Companies are the largest direct beneficiaries of all the different types of measures adopted. Indeed, about 17% of GDP in funds – mostly credit guarantees – were committed to companies. The remaining measures target households (2% of GDP), the public sector (1%) and other institutions (1%).

119 countries have also implemented budget savings. These are primarily re-allocations of budgetary and EU funds, increases in governmental reserves and local governments’ borrowing limits. Budget savings aim to mobilise and consolidate existing programmes to ensure sufficient funding of adopted fiscal stimulus and accelerate its implementation.

Some countries have adopted other measures to mitigate the economic consequences of Covid-19. These are mostly changes to legislation, budget reallocations and credit moratoria. In addition, some countries have facilitated the receipt of unemployment benefits and outlawed seizures and the eviction of tenants. In the domain of prudential regulation, some countries have also relaxed the capital requirements for banks, thereby easing the lending to temporarily constrained borrowers.


4. Budgetary impact

The Covid-induced fiscal measures and automatic stabilisers will have a significant direct budgetary impact. Although part of the measures run beyond the current fiscal year, the latest forecasts for this year already anticipate most of the fiscal implications of the national Covid-19 measures.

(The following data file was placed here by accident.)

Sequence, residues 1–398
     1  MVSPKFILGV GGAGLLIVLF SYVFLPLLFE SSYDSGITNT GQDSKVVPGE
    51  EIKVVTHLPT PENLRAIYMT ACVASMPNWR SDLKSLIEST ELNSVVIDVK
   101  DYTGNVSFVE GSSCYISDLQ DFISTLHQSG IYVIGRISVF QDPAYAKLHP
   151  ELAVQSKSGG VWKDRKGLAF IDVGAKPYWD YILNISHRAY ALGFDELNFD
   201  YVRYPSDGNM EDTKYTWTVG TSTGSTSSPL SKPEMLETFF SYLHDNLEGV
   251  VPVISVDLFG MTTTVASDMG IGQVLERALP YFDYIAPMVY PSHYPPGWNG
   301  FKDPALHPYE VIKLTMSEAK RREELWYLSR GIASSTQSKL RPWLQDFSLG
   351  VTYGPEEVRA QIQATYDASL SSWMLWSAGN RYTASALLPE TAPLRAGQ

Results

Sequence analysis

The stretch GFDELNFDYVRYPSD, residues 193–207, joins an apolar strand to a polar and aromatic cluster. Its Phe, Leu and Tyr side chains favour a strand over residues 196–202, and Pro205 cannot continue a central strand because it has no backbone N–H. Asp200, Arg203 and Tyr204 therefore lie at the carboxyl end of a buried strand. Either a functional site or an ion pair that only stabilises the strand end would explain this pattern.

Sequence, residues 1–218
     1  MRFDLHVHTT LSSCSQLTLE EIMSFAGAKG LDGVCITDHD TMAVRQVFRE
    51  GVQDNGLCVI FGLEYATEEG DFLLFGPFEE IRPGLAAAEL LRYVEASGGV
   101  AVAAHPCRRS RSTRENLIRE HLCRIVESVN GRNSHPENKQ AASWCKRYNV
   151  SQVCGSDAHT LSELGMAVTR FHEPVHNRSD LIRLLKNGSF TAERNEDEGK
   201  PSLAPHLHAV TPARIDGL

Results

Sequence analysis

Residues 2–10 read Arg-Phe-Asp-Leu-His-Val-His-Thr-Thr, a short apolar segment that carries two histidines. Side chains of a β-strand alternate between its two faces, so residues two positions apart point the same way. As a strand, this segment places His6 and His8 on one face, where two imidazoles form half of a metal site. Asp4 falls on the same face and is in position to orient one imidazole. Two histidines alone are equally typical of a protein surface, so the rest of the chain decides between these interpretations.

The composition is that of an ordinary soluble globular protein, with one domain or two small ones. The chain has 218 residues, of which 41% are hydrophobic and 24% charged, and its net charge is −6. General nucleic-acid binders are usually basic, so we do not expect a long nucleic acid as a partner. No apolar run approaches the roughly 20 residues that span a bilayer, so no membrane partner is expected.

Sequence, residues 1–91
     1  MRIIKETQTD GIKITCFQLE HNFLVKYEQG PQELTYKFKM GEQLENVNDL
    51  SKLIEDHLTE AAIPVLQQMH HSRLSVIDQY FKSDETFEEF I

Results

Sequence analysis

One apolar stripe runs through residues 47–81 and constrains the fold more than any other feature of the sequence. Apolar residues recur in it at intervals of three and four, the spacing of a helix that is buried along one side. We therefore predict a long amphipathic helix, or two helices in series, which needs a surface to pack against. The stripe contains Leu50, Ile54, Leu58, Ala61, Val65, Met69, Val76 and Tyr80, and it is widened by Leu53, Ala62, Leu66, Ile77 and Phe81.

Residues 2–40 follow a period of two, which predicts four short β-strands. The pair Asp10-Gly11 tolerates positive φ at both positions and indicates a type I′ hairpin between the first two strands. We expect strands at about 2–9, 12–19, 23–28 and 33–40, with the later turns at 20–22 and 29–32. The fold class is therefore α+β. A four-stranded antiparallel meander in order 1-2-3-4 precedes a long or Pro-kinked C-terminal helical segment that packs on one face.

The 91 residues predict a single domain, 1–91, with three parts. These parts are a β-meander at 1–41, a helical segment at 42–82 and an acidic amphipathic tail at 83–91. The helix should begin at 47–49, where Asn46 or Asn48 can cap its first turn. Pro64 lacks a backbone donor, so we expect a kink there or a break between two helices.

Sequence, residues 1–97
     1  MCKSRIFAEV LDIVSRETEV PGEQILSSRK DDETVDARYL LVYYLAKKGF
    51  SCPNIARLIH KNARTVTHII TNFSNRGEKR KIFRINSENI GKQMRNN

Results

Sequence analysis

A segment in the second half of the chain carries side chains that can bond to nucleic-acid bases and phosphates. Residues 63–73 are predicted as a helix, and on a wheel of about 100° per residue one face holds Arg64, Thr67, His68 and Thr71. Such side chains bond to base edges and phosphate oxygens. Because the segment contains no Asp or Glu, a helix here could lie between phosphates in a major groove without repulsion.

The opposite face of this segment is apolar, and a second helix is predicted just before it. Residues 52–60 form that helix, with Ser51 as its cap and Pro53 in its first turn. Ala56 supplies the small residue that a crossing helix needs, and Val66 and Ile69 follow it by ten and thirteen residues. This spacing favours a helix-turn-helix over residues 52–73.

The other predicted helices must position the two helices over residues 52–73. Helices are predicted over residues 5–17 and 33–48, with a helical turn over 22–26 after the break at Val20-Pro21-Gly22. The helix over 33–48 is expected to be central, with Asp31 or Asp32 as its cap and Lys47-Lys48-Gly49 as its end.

The pandemic has caused a major deterioration in the fiscal indicators across the board. According to the latest forecasts of national IFIs, the budget deficits in 2020 are expected, as of early September, to increase to 8.6% of GDP on average, from 0.5% of GDP before Covid-19 (see Figure 1). The latest forecasts for the 2020 budget deficits range from 4% of GDP in Cyprus to 14% in Spain. However, for most countries, the projections for the budget deficits range between 6% and 9%.

Compared to the pre-Covid-19 forecasts, Romania has by far the smallest increase (+1.9%) as its fiscal response was constrained by the Excessive Deficit Procedure launched in March 2020.


Figure 1. Projected budget balance (% of GDP)
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Note: The figure above shows the projections of IFIs for the 2020 budget balance before Covid-19 and the most recent forecasts. For Greece (PBO) only the latest forecasts are available. The figures for Ireland relate to GNI rather than GDP.